Leading carmakers are mining scrap vehicles for valuable raw materials to reuse in new cars

The automotive industry is one sector that is pushing the envelope on the circular economy. Japanese car manufacturer Toyota is securing valuable new sources of raw materials, including rare earth metals, by refining its scrap vehicle dismantling processes. Toyota announced in 2014 that it had developed a system to extract and recycle copper from vehicle wiring harnesses without it being contaminated by impurities.

After trials at Toyota’s Honsha plant in 2013, and stringent quality checks, the retrieved copper was successfully reintroduced into the vehicle production process. The car maker says the technology has delivered recycled metal with 99.96% purity, and estimates 1,000 tonnes of copper can be produced annually using the process.

In 2015 it announced a goal to establish a recycling-based society, focused on four key areas: the use of eco-friendly materials; using parts for longer; developing recycling technologies; and manufacturing new cars from end-of-life vehicles (ELVs). Last year, the company embarked on a huge project, the Toyota Global Car to Car Recycle Project, whereby technologies and systems like the copper wire harness recycling scheme will be rolled out globally.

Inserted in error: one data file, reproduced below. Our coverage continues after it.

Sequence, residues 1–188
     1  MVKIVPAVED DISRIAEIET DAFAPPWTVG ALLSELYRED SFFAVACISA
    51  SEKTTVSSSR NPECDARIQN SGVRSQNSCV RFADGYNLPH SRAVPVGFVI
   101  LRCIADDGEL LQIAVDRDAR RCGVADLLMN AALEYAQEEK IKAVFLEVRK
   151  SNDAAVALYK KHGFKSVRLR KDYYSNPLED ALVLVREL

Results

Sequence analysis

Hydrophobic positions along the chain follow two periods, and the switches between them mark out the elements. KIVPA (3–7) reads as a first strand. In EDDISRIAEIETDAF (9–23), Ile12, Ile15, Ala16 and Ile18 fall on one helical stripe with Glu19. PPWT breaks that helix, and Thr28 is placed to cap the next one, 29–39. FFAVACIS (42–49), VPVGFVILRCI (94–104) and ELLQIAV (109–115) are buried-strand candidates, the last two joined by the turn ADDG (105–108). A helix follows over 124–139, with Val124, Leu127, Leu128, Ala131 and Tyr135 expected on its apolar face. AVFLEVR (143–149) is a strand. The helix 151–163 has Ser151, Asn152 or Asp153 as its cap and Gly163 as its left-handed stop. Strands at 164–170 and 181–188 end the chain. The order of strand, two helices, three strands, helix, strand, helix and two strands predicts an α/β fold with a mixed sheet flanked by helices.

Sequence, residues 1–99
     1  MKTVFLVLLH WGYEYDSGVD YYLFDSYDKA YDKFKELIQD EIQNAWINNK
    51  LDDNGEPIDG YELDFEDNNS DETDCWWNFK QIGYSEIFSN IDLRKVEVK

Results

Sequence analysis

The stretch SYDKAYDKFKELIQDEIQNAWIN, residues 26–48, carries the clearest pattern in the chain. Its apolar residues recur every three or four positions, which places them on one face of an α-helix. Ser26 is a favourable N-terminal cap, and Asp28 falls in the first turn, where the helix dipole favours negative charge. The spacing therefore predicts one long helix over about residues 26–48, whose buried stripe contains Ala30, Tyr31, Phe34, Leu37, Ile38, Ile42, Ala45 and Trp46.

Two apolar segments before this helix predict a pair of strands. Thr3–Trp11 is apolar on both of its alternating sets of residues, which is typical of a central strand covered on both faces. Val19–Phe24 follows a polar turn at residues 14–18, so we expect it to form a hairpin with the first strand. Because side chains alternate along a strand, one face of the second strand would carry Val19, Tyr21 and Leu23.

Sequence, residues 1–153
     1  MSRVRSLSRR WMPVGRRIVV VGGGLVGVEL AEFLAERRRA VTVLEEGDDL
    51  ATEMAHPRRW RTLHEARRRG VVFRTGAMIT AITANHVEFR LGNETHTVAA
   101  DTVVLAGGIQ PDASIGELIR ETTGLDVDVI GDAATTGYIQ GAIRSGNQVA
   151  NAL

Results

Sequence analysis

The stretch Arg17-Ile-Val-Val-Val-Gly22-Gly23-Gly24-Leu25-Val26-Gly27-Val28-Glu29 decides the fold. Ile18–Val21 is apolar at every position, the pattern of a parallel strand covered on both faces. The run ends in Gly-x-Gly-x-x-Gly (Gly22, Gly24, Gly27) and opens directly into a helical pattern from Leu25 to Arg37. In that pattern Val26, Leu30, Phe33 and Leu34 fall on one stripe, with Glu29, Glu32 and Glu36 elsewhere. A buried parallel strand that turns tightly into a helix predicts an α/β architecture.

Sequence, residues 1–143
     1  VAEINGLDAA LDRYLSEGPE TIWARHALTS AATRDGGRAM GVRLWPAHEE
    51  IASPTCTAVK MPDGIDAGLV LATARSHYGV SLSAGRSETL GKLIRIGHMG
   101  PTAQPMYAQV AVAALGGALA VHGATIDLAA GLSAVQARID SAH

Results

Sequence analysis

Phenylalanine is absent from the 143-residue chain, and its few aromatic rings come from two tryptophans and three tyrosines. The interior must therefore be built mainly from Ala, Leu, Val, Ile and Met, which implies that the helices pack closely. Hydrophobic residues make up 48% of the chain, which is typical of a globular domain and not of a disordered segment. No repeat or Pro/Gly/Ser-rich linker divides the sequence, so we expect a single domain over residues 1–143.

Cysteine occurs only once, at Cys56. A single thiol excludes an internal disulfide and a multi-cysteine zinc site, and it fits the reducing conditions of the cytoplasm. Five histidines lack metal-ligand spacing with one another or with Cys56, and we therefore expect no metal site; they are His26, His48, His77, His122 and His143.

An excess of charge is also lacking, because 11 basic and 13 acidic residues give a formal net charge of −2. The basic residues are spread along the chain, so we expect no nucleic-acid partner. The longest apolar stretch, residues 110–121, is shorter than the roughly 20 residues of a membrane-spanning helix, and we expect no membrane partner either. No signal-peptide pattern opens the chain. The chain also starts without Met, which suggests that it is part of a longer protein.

Steve Hope, general manager for environmental affairs at Toyota Motor Europe, says the project will also aim to scale up ELV hybrid...

This content is premium content, and only accessible to subscribers. Please log in to view the content - or subscribe here.

Subscribe to read: Toyota and Jaguar show zero-waste metal



Already a subscriber? Login using the fields below.

To get access to this content, become an Ethical Corporation subscriber today.

Subscribe and join the likes of:

Subscribe here
Close popup
circular economy  rare earth metals  aluminium  ELVs  recycled plastics  recycling 

comments powered by Disqus